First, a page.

Sunday, July 5, 2009

Will the last investigative journalist out please turn off the light?

Last night I read Tim Connor's really fascinating interview with the last investigative reporter the Spokesman-Review had: Karen Dorn Steele, who took an early retirement in March, as did her cohort Bill Morlin.

I read Karen Dorn Steele's newspaper stories on Hanford radiation experiments when I was in college. I have a thyroid disorder, and Spokane is in the shadow of the giant cloud(s) of radioactive iodine purposely released there. She made that story public in spite of, as she details, an unsupportive editor, a visit from the FBI, and an atmosphere of mandatory support for government operations at Hanford.

We were just trying to find out what the history of accidents was and the history of environmental pollution had been at Hanford. And so, I’m a stubborn Norwegian. I just kind of got my back up really. First of all I didn’t think an FBI agent should be sauntering into a newsroom. That’s not proper. It sends a chilling message. And secondly, it made me angry.
The interview is also a window into the experience of working inside a newspaper that's been owned by the most powerful family in Spokane for over 100 years.
I guess from my experiences with the family so far I don’t think that they are visionaries and great creative people. I think they really do care about the bottom line as the main thing. When Stacey’s father died suddenly he came in as the new publisher and when he addressed the newsroom, he kept using this term KRA, ‘our KRA for this year,’ and we’re all looking at each other, ‘what’s a KRA?’ Well, it’s a Yale MBA term that means key result area. So he tends to think in the world of the MBAs, at bottom line issues, and very little in the world of journalism, in my opinion.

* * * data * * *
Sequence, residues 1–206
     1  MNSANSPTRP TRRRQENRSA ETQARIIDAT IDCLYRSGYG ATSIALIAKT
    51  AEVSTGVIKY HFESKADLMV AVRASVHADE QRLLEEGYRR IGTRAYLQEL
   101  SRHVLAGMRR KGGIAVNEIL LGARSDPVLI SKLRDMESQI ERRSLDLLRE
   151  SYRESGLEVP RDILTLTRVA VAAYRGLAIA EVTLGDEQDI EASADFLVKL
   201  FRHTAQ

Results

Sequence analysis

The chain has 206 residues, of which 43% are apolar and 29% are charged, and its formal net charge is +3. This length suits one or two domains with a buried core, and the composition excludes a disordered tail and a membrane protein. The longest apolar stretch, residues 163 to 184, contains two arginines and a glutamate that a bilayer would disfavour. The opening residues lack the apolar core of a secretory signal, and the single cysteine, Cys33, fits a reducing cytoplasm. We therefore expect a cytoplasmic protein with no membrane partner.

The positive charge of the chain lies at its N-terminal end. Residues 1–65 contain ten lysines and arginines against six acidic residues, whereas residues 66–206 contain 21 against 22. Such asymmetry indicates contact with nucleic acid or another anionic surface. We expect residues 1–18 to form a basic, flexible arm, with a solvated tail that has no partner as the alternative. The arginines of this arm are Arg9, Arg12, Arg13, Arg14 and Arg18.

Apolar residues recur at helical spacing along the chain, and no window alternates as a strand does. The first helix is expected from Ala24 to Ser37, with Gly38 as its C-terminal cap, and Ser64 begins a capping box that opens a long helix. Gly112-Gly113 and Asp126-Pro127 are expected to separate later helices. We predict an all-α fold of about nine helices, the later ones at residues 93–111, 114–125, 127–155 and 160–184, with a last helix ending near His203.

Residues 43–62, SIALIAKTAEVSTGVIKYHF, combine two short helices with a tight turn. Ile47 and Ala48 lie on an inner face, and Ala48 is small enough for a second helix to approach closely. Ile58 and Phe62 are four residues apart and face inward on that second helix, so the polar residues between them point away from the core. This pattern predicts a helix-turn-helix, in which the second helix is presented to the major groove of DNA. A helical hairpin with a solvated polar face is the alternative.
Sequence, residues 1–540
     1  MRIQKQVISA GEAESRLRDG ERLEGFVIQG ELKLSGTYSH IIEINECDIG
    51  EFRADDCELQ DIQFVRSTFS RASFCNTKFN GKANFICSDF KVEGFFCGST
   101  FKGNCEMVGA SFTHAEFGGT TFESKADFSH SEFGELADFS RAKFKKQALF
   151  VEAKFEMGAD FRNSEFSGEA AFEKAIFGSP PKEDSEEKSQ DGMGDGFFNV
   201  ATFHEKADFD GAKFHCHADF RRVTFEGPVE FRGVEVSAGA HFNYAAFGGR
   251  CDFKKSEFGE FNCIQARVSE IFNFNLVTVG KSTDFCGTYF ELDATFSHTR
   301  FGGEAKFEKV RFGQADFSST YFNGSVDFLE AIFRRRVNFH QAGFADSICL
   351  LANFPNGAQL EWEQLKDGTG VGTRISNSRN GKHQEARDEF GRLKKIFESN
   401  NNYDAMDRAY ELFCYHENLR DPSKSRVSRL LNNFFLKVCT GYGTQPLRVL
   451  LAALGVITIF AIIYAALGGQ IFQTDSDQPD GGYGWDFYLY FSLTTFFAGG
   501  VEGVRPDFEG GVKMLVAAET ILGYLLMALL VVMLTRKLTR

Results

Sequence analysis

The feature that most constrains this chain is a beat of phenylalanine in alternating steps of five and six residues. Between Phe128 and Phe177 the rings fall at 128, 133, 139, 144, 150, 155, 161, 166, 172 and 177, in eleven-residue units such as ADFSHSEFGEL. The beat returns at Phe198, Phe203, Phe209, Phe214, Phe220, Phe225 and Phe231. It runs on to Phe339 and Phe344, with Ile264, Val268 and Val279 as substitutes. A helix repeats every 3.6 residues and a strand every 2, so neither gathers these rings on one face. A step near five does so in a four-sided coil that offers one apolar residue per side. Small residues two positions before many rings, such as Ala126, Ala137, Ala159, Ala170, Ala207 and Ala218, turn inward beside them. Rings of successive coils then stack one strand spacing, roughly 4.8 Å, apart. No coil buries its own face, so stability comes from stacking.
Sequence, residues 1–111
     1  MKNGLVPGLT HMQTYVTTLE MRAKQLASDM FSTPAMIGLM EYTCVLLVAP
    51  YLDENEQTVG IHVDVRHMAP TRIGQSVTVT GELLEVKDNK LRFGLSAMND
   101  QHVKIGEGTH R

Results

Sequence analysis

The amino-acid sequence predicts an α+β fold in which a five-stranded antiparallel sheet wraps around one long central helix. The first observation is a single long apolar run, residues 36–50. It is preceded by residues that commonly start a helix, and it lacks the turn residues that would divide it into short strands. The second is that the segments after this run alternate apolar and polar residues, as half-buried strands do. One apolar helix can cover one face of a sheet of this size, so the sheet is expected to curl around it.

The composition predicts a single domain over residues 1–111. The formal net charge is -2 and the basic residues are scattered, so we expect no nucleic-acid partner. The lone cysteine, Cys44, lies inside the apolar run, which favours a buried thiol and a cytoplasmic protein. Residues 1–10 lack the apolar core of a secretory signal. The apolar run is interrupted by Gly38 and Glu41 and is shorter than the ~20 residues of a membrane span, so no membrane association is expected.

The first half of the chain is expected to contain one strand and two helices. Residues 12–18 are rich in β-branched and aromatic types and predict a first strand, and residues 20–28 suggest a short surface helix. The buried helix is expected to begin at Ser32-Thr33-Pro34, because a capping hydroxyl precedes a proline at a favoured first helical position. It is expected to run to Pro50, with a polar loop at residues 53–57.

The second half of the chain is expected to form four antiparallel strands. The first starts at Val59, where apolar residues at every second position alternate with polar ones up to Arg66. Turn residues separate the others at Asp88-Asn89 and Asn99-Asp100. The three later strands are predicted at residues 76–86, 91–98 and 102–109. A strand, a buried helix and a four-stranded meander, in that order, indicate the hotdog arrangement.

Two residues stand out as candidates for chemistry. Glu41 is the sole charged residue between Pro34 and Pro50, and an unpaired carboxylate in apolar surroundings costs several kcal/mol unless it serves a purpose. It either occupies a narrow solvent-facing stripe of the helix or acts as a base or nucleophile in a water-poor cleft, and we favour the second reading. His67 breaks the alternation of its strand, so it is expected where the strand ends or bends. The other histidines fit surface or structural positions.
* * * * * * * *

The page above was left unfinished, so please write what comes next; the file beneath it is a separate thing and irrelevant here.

And she gives her perspective on the current state of media and investigative reporting:

Well, unfortunately in the blogosphere there’s been a kind of contempt for the so-called MSM, you know, the mainstream media, which I haven’t quite figured out because I always thought the two things could be complementary. Like when we did the stories on Mitchell and Jessen and the stories broken by the New Yorker and Vanity Fair and several others. The fact that they [Mitchell & Jessen] are here, and the torture policy was being played out right here on Riverside Avenue in Spokane. There were lots of on-line sites that picked up on our stories, that disseminated them, commented upon them, added new information on occasion, although often it tends not to be very reliable. But I thought that that synergy is a good thing and what it means for us in the mainstream media is that our work gets out much more widely than it used to, where the AP used to be the gatekeeper for any of these stories coming out of Spokane.
I think the decline in newspapers is likely to lead to a further decline in journalism. I think the two things are definitely linked. Now, at the Spokesman-Review, I couldn’t do the kind of reporting I did on Hanford back in the eighties. There’s just not time. And there’s not, frankly, the will. All publishers are looking at their bottom lines and the economic survival of their papers and that’s not a time when you’re paying lawyers large retainers to keep you out of trouble or even having an investigative team. We had a small investigative team and now there is absolutely no investigative team.
I have a little hope I may be able to meet and talk to Karen Dorn Steele, and I am crossing my fingers and trying to think of intelligent, relevant questions.

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